The other big difference and it’s a metric, is how do we track it in the online world? Is time spent on site or consuming the media? One of the great things about an offline newsletter is the average person is consuming it for 12 to 15 minutes. That’s a long period that you have to get to know them, build relationships and have them get to know you, where you don’t get that via other marketing.
Not only do you not get reach via email or even Facebook and video under your page but you also can’t reach everybody. The time of consumption is very low. People fully understood what the power of attention was and the value of attention. They’d realize how profitable it is to be able to have that attention. It has been that way for many years.
Small businesses haven’t had to pay attention to it before but Facebook, all of a sudden, has a 30% decrease in active time onsite from its users. You better start shorting that stock because it’s about to plummet. That huge metric is the same thing. It can be true for us small business owners. It is that we’re going to get that time with them in a different way and process.
You taught us a lot about why everybody reading this blog should be thinking about doing something offline in addition to their online activities. You’re not saying, “Don’t do any of the online.” You shared with us that you do a lot of online outreach on behalf of your customers. It should be complementary to what they’re doing online to think about offline avenues for getting in front of people, engaging people and building relationships.
You’ve been doing this for some time. I’ve known you for the last several years. For our readers to get a feel for the type of experience you have as a business owner building a business, some of the volumes in the media are going out both online and offline every month on behalf of your customers. You’ve got a sizable business that you’ve grown over the last several years. When did you start the Newsletter Pro? I can’t remember how far back that goes.
We turned nine in 2020.
You don’t have to share any revenue numbers but give us a sense of how many employees you have and how this has grown year over year. I want people to get a sense of how big you have gotten because you got some credibility to what you’re going to teach us here soon.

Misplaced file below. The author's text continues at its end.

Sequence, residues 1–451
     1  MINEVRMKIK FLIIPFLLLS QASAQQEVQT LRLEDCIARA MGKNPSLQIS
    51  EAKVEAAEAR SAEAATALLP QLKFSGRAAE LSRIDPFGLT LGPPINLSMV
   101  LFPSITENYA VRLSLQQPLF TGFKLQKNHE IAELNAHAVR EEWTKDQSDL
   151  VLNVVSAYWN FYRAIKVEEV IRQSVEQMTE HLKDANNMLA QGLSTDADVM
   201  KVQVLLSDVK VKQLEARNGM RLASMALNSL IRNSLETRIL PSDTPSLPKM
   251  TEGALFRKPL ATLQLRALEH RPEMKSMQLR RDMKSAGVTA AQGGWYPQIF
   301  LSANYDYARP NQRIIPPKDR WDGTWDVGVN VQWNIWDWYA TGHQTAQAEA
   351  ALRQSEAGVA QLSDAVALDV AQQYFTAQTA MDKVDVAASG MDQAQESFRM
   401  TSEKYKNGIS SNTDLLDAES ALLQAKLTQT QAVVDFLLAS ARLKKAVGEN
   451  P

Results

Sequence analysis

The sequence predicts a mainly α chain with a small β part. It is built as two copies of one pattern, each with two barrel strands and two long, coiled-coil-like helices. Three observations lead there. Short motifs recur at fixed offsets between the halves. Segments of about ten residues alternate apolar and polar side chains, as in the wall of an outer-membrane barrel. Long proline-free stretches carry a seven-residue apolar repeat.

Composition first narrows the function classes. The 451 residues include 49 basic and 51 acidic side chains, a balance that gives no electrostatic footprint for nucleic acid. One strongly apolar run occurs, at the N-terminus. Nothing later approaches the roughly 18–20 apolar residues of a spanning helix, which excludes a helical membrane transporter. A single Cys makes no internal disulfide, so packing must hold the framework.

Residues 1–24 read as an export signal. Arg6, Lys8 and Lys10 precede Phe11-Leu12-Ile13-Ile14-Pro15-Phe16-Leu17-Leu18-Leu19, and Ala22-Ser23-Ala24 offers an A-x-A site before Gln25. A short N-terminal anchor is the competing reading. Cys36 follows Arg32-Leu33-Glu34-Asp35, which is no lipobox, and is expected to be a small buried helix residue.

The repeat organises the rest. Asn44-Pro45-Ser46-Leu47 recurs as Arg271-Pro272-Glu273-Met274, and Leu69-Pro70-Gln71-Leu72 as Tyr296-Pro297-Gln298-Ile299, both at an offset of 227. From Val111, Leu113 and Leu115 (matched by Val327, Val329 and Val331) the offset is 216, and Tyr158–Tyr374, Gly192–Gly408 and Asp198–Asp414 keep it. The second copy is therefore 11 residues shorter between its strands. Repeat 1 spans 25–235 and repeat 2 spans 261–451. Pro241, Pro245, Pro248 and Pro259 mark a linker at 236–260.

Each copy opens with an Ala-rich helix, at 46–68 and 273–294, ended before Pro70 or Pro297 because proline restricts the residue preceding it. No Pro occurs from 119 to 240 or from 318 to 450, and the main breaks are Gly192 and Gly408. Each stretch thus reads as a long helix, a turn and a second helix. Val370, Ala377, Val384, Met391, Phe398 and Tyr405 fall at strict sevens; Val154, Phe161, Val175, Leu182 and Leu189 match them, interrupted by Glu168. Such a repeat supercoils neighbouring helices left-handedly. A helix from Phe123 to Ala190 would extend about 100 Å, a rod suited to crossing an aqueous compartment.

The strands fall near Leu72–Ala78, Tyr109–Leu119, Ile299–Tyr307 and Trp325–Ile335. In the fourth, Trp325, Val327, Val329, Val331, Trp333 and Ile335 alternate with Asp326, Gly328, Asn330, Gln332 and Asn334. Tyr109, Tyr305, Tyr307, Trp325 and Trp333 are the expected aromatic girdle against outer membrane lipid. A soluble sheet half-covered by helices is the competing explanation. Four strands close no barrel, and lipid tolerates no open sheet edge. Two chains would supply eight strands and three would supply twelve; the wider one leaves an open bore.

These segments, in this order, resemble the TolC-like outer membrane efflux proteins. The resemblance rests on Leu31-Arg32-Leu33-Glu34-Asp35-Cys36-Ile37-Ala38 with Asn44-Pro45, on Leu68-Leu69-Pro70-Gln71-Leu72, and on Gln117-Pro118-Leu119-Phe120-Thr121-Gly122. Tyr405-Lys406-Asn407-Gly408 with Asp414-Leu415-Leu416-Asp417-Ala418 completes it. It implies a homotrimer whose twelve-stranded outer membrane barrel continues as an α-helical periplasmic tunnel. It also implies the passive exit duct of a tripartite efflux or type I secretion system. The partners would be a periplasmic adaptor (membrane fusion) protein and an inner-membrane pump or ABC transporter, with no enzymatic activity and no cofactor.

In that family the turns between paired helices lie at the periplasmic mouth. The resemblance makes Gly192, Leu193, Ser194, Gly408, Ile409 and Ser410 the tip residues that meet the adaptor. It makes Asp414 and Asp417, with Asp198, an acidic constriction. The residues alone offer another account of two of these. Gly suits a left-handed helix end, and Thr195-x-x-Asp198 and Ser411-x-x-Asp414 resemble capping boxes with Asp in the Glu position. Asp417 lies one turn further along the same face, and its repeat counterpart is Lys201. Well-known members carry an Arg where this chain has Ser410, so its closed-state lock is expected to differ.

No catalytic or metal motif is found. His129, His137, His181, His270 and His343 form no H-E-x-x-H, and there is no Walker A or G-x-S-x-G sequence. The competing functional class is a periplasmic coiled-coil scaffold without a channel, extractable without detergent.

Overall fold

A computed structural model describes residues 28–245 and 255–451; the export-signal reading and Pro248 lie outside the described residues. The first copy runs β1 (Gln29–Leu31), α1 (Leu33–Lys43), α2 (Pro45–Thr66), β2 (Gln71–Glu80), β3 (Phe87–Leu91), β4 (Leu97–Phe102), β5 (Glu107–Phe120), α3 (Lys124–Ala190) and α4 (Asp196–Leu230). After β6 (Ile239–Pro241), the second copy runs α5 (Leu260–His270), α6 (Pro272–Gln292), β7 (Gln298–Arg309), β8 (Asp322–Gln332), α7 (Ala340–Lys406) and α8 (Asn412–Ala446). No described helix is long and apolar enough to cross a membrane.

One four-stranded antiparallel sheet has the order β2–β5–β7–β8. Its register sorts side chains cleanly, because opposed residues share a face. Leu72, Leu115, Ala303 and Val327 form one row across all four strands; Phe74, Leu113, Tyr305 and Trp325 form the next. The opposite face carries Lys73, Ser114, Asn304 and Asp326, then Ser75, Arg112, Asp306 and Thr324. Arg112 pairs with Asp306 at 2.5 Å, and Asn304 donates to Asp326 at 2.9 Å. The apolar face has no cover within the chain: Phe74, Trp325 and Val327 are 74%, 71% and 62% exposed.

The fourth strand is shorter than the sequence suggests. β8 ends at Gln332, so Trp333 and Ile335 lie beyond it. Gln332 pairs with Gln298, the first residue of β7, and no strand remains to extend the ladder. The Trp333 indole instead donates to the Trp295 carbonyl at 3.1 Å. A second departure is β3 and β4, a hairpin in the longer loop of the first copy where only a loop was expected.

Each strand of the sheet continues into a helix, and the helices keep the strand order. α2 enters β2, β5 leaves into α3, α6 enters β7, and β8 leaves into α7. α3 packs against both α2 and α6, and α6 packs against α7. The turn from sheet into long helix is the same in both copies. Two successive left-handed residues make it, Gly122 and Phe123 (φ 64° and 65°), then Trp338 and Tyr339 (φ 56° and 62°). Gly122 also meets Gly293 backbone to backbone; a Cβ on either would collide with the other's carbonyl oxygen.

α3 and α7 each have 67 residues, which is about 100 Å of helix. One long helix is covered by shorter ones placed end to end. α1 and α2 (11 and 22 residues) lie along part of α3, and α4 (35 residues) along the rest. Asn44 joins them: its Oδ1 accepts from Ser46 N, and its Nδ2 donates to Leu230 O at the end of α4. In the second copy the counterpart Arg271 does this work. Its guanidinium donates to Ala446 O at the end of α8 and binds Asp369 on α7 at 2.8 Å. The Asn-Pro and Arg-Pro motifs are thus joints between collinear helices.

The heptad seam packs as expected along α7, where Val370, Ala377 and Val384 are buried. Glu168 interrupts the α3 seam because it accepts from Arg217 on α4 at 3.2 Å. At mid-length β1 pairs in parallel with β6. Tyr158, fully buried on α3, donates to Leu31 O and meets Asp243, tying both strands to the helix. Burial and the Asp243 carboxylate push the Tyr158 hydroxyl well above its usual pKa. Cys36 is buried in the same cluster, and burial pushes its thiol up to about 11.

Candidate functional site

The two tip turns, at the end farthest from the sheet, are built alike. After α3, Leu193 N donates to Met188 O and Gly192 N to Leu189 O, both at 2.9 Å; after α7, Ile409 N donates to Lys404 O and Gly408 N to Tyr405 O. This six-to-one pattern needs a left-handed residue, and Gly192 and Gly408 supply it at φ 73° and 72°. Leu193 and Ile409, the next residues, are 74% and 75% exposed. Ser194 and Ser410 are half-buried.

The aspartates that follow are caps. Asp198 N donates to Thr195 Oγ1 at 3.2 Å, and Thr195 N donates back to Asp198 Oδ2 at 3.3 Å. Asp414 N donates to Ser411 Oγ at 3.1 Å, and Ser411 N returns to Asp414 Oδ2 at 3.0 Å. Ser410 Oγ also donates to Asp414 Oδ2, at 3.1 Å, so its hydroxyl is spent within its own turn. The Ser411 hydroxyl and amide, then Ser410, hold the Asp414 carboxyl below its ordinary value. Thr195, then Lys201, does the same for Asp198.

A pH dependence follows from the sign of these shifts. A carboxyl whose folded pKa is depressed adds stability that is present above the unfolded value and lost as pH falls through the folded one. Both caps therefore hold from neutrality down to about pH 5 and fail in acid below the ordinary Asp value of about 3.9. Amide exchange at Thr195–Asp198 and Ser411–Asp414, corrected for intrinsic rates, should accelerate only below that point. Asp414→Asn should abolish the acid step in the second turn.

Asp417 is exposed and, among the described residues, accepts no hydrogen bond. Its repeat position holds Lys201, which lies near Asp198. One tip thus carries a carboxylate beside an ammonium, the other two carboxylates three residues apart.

I’ve got about 75 employees who all work onsite at my building. It’s a huge building that I bought a few years ago, 25,000 square feet. We do all the production, printing and everything in the offices. We do over eight figures a year in revenue. We grew about 34% a year over in 2019. We had massive growth. We’re projecting another 35% year-over-year growth in 2020. It is what our numbers show. We should have no problem hitting that number. In quarter two of 2020, we hit right. We could see it even as high as a 50% growth. Even 35% on an eight-figure business is a lot of growth.
It’s more growth and some of our readers have is their total revenue because we serve all seven-figure businesses. They might be at $1 million to $2 million in revenue and you’re growing that rate. That gives us plenty of scopes and scale. You’ve grown quickly throughout that period and learned a ton of lessons. As our readers know, we’d like to talk to successful seven-figure growth companies. You’ve grown through that stage and have a ton of valuable information.
However, I’m going to make them wish that we had you on for a double episode but we’re not going to go there on this episode. We’re going to go to your expertise in marketing because not only have you successfully done this for your business and your customers but you teach this stuff more broadly. You’re constantly sharing messages, whether it be through blogs or your newsletters.
Let’s go ahead and talk about a book that you released. I’d love to have you tell us about the book and then we’ll get into some other marketing lessons from a seasoned entrepreneur who’s grown quickly. Your new book is Stop Losing Customers. Tell us about that and we’ll get into some of your lessons learned over the years in effective marketing.
It is a book that shows people how to scale and grow without necessarily having to go out and invest tons of more effort and marketing dollars into lead gen. Not to say that lead gen is not important. We do lead gen advertising on various platforms and stuff like that but it’s one of these things where many people aren’t getting all they can out of all they got. They aren’t realizing that they’re throwing good money at getting new leads in but neglecting some of the relationship marketing customer experience standpoints.